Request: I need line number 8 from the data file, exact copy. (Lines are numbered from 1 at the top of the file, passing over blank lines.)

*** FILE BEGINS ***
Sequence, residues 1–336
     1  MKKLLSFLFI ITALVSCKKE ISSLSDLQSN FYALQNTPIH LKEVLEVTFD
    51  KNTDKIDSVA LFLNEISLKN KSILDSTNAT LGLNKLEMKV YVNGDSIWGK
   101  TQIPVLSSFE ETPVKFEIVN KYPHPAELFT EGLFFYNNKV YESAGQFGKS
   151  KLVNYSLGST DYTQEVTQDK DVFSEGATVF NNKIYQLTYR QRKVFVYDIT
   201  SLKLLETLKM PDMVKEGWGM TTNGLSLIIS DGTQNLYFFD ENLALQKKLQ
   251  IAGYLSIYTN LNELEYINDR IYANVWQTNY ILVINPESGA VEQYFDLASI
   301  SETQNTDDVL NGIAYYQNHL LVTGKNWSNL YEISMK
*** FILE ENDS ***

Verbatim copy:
   301  SETQNTDDVL NGIAYYQNHL LVTGKNWSNL YEISMK